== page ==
mix of wild flowers

Thank you all for your comments, and for now I’d like to answer Sue about the wild flowers I intend to plant at the foot of the new hedge.

Was I really right in calling them wild flowers ? At least it’s the feeling you get when they’re all in bloom, jam packed and tall in long beds. I got the idea with the trend now in urban areas to fill in whole borders, normally flanking roads or roundabouts, so as to give a countryside effect and of course encouraging lots of insects and birds and small mammals to benefit from it, in a frenzy of life cycle thing…

So I actually bought ready made mix from my local garden centre.

One is called “specific mix for banks” (I figured out I would get a tiny slope after the removal of the conifers – I knew my garden was higher than the street level). It is composed of 27 flowers (!) and in particular Eruca sativa, Calendula officinalis, Papaver rhoeas, Matricaria officinalis. They are resistant to dry spells and yes, even in the north of France we get dry spells, at the moment for example, there are floods in the south but here not a drop of water for a week, and no sign of it for next week.This mix is to be sown preferably now, but can be sown from March to June as well.

The other mix I got is called ‘Orient’, and is composed of 25 flowers among which Anethum, Helianthus annuus, Cosmos sulphureus, Scarbiosa atropurpurea. It’s a promise of a whole summer of flowers, I’ll make sure of that ! To be planted from March to June.

The main advantage of planting wild flowers along hedges, is that it cuts down the dreaded weeding operation ! And again, it encourages wildlife.

Concerning the new hedge, I am delaying the posting of a photo of the new planting because… well the tree surgeons didn’t do a very good job with it. One could argue it’s not their speciality, I agree, but why then did the company let them do the planting instead of hiring a proper gardener ? It’s a lesson learnt : hire a tree surgeon to cut your trees, then call in another company specialized in plants for planting.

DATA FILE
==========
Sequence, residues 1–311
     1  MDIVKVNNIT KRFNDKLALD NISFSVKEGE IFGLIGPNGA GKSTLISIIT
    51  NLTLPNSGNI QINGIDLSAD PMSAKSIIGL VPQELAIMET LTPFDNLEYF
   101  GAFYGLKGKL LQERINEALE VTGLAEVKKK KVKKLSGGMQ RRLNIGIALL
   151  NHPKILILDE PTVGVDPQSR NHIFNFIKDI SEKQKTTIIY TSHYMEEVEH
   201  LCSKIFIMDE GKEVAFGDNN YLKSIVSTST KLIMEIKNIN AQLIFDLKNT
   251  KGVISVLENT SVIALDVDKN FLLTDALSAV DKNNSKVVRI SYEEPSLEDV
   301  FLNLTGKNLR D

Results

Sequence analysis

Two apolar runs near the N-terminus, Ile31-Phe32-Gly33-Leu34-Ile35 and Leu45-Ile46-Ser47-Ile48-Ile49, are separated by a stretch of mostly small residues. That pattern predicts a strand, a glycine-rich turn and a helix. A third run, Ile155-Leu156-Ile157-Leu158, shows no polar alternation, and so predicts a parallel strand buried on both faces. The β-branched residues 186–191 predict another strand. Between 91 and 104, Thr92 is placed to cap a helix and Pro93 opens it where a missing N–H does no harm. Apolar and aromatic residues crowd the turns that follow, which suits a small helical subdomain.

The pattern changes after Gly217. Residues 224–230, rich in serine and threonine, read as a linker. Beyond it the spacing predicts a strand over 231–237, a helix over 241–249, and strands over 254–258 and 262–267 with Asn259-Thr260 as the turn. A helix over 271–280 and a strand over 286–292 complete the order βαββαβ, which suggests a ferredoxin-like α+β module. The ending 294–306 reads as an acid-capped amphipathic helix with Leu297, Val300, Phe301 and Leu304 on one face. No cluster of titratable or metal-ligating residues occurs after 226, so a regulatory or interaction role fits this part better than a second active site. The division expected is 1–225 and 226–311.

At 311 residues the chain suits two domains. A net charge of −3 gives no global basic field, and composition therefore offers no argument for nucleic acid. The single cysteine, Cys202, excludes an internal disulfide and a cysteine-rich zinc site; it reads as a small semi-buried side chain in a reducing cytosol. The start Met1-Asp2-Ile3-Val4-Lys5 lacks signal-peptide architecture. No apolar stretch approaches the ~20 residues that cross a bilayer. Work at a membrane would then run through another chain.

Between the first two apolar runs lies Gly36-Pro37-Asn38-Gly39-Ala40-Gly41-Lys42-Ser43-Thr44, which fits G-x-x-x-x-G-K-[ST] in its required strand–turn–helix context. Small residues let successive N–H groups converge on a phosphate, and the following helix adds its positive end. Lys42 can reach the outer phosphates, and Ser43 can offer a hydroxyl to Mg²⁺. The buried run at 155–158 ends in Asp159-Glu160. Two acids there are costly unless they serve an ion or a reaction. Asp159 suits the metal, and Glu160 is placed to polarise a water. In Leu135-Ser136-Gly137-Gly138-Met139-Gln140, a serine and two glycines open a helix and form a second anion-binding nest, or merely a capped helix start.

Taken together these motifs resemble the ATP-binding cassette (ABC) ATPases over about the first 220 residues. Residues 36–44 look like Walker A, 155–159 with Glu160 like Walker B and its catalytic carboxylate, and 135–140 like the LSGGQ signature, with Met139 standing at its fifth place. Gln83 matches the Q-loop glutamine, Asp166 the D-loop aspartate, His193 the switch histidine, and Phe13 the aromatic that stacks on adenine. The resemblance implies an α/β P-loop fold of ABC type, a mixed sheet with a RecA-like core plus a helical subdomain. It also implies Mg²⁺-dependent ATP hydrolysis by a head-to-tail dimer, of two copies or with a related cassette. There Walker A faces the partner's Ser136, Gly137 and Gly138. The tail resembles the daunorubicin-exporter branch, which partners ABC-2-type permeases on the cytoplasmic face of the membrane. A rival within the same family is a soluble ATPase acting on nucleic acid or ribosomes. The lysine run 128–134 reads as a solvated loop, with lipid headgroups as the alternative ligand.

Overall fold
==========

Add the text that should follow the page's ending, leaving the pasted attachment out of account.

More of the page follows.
Yesterday I called in my friend Hervé who teaches plants and planting techniques at my lycée, and he gave us good advice and a long list of the plants we had to move, or simply get rid of ! Yes, you read properly : he said some of them like for example the Eleagnus ebengii were monsters-to-be that had no justification in a hedge like mine.  Also the planting was much too dense (hardly 80 cms between 2 plants, when they’re supposed to reach 2m in diameter !), too close to the fence – for the Witch hazel in particular. Mainly what he reproached the tree surgeons to have done, was to have chosen shrubs or small trees that were all the same height, planted in a line. He advocated for an alternation of height and a wavy planting, and of course to remove a least one shrub out of two.

So what we’re trying to do this weekend, is to find room somewhere else in the garden to plant the “rejects”. More about it tomorrow !

PS : Hervé gave us plants from his own garden last night; so it’s even trickier to find room for eveyone !

 

Nov 12, 2011

6 comments to mix of wild flowers

  • Hubby

    When do we have to plant these wild flowers by the way ?

    • Céline

      well I thought I would do it this Friday as the weather forecast said we may have some rain ; I figured out the mix would stick better to the slope… what do you think ?

  • Chrissy Maddening

    Maybe you should mix the seeds in a bucket full of peat/compostand then sprinkle it on top of the bank and lightly trowel in the seed mix to the top soil – normally you dont have to plant too deep these things. With some rain it will surely be better and then you will not run teh risk of them getting blown away in the wind.

  • Patricia

    Did you finish the wild flower sowing ?
    And did you truly go along all 4O metres of that border where your new hedge is ?

    • Well…I ttaloly agree and understand you… I’m in the same situation. We just moved to our new house and although the garden was lovely, we still had to do a lot of work. Our garden is wild, but there is still plenty of work even if it looks like the nature is the only designer of it:)Have a great summer!

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